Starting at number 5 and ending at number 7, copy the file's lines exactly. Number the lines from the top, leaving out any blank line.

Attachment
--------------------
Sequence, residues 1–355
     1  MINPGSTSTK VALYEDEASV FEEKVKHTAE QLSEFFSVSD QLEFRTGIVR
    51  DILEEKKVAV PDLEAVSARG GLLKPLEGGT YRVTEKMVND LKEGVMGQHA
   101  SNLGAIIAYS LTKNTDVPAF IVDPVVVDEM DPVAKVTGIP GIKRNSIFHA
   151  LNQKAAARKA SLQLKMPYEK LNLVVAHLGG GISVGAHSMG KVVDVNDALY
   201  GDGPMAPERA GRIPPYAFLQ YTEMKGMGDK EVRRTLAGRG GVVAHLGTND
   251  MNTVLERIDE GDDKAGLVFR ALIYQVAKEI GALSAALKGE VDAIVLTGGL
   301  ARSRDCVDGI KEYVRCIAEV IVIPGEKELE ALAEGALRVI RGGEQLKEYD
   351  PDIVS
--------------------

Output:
   151  LNQKAAARKA SLQLKMPYEK LNLVVAHLGG GISVGAHSMG KVVDVNDALY
   201  GDGPMAPERA GRIPPYAFLQ YTEMKGMGDK EVRRTLAGRG GVVAHLGTND
   251  MNTVLERIDE GDDKAGLVFR ALIYQVAKEI GALSAALKGE VDAIVLTGGL